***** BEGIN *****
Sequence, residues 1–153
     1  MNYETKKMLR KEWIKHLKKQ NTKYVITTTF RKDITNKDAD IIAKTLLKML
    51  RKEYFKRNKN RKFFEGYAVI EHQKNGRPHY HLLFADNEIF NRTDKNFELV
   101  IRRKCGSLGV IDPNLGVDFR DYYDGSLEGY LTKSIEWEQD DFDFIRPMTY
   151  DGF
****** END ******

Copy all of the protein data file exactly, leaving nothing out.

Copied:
Sequence, residues 1–153
     1  MNYETKKMLR KEWIKHLKKQ NTKYVITTTF RKDITNKDAD IIAKTLLKML
    51  RKEYFKRNKN RKFFEGYAVI EHQKNGRPHY HLLFADNEIF NRTDKNFELV
   101  IRRKCGSLGV IDPNLGVDFR DYYDGSLEGY LTKSIEWEQD DFDFIRPMTY
   151  DGF